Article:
Extended reality for extending education
As digital technologies like extended reality (XR) evolve, how could they be used to enhance university teaching? Drawing on experience in architecture, Martin W. Andrews and Antonino Di Raimo investigate
You may also like
Extended reality, or XR, is a term used to describe virtual-, augmented- and mixed-reality environments, sometimes referred to collectively as the metaverse. There is debate about how best to use these new digital technologies in HE and many institutions around the world are starting to establish a diverse range of XR facilities.
As XR spaces become more widely available in higher education, now is a good time to reflect on the opportunities for using these technologies to enhance teaching and student engagement.
Architect educators have started to incorporate XR into the design studios of architecture departments. The University of Portsmouth was an early adopter of digital technologies, providing architecture students with access to computer-aided design (CAD) software from the early 1990s onwards. More recently, facilities such as the Media Hub and the Centre for Creative & Immersive Extended Reality (CCi-XR) have helped students and staff to consider new ways of using digital technologies to enable a range of experiences relating to research, multimedia production and education.
Here we will describe what has been experienced so far and draw lessons for a range of creative and design-focused disciplines.
- Should we be worried? An educators’ introduction to the metaverse
- Teaching within virtual reality worlds: what, why and when
- Augmented reality in teaching: key challenges and how to overcome them
State-of-the-art technologies in surveying and mapping, such as photogrammetry and the scanning of objects and natural formations by light detection and ranging (known more commonly as LiDAR), use photography to ascertain measurements between objects. For instance, in combination with aerial drones, archaeologists can use photogrammetry and LiDAR to create accurate and fully textured three-dimensional models of sites to capture a range of subjects from the smallest artefacts to entire landscapes.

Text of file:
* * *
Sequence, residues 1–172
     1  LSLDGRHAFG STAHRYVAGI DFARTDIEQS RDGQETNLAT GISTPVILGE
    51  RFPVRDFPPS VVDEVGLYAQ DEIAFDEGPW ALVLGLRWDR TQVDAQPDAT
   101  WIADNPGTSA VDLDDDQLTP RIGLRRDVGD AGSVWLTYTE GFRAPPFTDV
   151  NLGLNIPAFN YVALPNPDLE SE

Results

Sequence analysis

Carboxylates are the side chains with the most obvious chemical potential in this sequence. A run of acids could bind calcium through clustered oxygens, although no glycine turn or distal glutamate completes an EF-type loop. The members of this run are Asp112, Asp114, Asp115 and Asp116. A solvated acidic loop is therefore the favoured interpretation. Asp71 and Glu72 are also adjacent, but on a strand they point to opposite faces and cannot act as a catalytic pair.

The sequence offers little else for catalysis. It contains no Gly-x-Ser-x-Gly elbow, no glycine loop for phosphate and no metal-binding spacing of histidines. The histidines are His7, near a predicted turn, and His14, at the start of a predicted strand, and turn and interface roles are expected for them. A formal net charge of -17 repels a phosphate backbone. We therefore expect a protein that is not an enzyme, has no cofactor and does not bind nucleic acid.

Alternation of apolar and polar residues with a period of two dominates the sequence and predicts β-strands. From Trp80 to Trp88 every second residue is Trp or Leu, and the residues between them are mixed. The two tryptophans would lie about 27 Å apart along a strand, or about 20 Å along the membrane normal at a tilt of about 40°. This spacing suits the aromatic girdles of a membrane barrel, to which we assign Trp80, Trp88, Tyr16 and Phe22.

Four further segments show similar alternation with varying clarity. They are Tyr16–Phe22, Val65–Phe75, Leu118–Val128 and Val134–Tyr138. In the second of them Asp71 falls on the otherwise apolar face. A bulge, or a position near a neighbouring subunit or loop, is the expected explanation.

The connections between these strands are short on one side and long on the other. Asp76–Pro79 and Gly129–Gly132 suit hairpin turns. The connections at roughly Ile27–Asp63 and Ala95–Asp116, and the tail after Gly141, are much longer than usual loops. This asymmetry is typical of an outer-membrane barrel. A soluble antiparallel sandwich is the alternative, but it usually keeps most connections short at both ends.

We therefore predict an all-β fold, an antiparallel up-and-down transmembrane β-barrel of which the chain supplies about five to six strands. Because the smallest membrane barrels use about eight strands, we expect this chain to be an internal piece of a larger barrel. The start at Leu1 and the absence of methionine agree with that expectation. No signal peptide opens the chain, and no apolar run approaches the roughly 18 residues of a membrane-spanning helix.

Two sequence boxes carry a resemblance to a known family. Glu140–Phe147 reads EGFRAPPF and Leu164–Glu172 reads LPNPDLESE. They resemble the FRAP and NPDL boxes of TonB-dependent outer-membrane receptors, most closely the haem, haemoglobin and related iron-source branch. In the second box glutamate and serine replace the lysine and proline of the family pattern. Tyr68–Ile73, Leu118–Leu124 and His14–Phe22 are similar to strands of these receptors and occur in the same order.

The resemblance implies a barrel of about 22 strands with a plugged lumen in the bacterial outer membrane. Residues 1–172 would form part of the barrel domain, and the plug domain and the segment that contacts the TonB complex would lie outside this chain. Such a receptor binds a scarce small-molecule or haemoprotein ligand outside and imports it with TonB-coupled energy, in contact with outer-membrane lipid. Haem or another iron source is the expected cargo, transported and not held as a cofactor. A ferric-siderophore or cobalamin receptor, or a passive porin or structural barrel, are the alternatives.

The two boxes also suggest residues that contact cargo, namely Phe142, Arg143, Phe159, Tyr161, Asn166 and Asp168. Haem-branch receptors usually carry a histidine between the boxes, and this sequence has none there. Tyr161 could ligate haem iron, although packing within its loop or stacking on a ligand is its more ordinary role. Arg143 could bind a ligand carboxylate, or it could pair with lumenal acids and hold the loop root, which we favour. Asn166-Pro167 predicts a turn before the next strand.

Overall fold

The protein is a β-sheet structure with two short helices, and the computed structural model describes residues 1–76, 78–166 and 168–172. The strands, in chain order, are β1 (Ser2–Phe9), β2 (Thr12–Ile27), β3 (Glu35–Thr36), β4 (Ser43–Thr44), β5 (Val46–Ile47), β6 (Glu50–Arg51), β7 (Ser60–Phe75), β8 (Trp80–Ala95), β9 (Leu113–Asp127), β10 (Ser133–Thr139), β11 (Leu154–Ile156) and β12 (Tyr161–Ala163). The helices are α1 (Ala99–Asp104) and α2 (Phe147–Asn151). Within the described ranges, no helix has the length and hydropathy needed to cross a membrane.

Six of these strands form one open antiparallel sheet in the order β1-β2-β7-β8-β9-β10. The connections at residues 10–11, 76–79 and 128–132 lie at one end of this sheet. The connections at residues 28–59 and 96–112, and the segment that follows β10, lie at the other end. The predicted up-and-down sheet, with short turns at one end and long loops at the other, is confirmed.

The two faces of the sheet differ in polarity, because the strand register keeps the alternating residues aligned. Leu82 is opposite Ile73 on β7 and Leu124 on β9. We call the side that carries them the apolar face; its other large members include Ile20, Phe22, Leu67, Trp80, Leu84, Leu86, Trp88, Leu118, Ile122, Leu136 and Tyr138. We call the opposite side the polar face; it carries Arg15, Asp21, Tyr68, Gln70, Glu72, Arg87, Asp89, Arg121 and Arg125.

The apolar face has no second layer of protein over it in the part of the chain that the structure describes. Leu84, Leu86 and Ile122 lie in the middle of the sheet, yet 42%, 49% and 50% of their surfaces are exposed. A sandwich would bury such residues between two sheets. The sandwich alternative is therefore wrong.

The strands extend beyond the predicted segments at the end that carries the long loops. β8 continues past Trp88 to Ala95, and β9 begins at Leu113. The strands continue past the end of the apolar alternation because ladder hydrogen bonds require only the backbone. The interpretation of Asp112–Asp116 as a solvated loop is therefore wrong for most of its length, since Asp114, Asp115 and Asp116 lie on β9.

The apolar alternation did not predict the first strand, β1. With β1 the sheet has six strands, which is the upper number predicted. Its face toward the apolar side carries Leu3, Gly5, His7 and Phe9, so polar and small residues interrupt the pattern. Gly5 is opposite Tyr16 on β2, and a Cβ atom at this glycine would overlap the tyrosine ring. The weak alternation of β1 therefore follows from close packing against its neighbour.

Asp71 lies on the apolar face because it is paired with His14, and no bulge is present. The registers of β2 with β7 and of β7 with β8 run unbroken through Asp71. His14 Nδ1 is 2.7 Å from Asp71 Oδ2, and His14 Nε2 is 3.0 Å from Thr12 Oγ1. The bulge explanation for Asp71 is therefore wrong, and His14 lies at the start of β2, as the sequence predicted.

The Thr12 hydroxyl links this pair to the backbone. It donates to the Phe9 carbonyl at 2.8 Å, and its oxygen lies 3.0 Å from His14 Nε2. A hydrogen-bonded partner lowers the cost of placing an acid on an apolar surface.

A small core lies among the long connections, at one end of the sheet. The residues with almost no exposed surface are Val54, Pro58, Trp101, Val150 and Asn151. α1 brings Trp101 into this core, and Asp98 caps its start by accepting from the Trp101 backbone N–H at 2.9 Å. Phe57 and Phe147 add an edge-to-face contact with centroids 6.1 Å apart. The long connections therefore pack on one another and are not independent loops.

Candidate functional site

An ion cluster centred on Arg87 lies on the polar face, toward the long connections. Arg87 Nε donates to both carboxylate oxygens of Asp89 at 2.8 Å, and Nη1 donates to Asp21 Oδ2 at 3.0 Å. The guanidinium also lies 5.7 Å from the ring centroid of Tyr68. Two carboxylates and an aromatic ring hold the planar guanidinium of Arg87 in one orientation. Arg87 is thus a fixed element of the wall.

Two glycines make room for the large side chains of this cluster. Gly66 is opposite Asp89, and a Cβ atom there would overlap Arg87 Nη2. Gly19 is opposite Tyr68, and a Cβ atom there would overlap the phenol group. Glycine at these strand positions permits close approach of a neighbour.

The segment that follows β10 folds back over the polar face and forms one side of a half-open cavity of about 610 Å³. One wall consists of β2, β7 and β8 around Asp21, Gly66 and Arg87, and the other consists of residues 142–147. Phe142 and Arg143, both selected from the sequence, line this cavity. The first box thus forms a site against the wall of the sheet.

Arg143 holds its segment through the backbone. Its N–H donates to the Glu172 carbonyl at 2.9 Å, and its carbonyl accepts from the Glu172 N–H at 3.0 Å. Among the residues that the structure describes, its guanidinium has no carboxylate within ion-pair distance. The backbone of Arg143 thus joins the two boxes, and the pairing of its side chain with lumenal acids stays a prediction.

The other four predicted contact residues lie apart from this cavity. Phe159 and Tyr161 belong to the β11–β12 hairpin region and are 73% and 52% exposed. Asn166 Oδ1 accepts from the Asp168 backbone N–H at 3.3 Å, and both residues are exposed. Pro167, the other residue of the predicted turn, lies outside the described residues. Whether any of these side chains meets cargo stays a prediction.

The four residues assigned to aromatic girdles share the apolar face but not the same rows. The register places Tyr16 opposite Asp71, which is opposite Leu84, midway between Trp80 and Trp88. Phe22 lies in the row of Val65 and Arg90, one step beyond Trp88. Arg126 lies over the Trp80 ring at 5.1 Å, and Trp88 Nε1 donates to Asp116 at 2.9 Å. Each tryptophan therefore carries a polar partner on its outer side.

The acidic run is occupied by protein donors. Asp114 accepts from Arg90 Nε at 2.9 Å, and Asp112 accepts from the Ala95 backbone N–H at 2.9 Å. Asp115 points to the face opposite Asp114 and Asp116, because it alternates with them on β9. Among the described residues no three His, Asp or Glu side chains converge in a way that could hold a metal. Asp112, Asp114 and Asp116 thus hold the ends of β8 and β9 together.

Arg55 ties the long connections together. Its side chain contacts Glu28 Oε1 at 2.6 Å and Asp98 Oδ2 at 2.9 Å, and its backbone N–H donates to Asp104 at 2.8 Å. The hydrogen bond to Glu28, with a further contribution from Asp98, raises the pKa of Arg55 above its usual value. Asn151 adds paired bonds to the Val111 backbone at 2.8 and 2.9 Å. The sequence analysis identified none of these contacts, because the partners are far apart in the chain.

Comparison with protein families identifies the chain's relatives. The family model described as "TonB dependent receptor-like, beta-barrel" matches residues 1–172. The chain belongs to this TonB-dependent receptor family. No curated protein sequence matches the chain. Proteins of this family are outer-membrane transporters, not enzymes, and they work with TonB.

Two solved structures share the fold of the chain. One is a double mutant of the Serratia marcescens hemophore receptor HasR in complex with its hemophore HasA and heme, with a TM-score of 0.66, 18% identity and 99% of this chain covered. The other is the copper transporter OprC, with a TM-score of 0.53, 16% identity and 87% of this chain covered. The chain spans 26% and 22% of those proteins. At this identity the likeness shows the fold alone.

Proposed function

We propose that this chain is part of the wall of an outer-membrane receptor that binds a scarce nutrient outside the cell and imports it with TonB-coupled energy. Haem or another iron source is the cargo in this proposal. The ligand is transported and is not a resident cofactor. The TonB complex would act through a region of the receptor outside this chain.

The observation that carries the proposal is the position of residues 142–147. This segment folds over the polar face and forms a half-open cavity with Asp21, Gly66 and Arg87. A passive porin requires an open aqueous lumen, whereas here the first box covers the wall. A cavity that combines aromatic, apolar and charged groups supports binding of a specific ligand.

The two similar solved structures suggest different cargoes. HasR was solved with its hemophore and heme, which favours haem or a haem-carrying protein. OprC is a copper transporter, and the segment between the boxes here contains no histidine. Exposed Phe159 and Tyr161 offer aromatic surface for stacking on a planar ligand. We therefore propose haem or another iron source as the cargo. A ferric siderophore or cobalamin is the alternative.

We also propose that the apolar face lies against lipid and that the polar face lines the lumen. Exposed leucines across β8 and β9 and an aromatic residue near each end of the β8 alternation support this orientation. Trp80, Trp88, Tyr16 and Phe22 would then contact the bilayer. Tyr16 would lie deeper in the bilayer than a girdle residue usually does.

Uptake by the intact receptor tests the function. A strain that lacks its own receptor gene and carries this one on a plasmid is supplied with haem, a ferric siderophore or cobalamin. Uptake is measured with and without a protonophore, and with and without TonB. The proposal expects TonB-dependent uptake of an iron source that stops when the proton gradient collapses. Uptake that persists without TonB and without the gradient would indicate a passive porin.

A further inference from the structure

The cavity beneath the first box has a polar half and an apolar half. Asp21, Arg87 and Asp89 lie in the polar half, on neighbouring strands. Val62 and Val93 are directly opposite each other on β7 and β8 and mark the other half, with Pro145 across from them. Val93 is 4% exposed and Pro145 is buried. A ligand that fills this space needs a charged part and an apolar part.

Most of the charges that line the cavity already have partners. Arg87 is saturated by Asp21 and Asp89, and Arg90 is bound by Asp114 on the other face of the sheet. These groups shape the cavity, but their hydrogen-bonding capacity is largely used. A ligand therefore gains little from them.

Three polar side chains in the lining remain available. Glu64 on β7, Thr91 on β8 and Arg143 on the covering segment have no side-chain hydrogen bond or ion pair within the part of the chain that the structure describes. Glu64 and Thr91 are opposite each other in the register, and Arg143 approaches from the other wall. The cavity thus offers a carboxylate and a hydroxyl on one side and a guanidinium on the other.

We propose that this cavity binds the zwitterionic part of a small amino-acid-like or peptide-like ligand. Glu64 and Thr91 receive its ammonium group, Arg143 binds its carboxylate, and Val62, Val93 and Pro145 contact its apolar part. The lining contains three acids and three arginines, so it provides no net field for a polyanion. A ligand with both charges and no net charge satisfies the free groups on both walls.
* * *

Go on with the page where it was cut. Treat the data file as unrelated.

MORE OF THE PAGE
In architecture and design, the new technologies make it possible for students and staff to obtain digital copies of existing physical buildings, showing details and material junctions in very high resolution. Working with digital twins of real objects and real buildings reproduces urban settings and architectural contexts in the same way as traditional surveys, where we once used optical instruments mounted on tripods, laser distance measurers and simple tape measures.
In the forensic sciences, digital scanning enables the three-dimensional recording of crime scenes. It can be used to produce models of objects within a space or a landscape in digital form (coordinates, measurements, surface, area) or graphical form (sketches, diagrams, maps).
The process of recording architectural and urban heritage is becoming quicker and more accurate. By documenting historic buildings and landscapes through the creation of detailed three-dimensional models, students and colleagues can make projects interactive, allowing experiences and explorations to happen through virtual headsets and interactive applications. Those who interact with these digital replicas of physical environments can discover more about heritage through interactive stories, accessed through everyday devices such as digital tablets and mobile phones.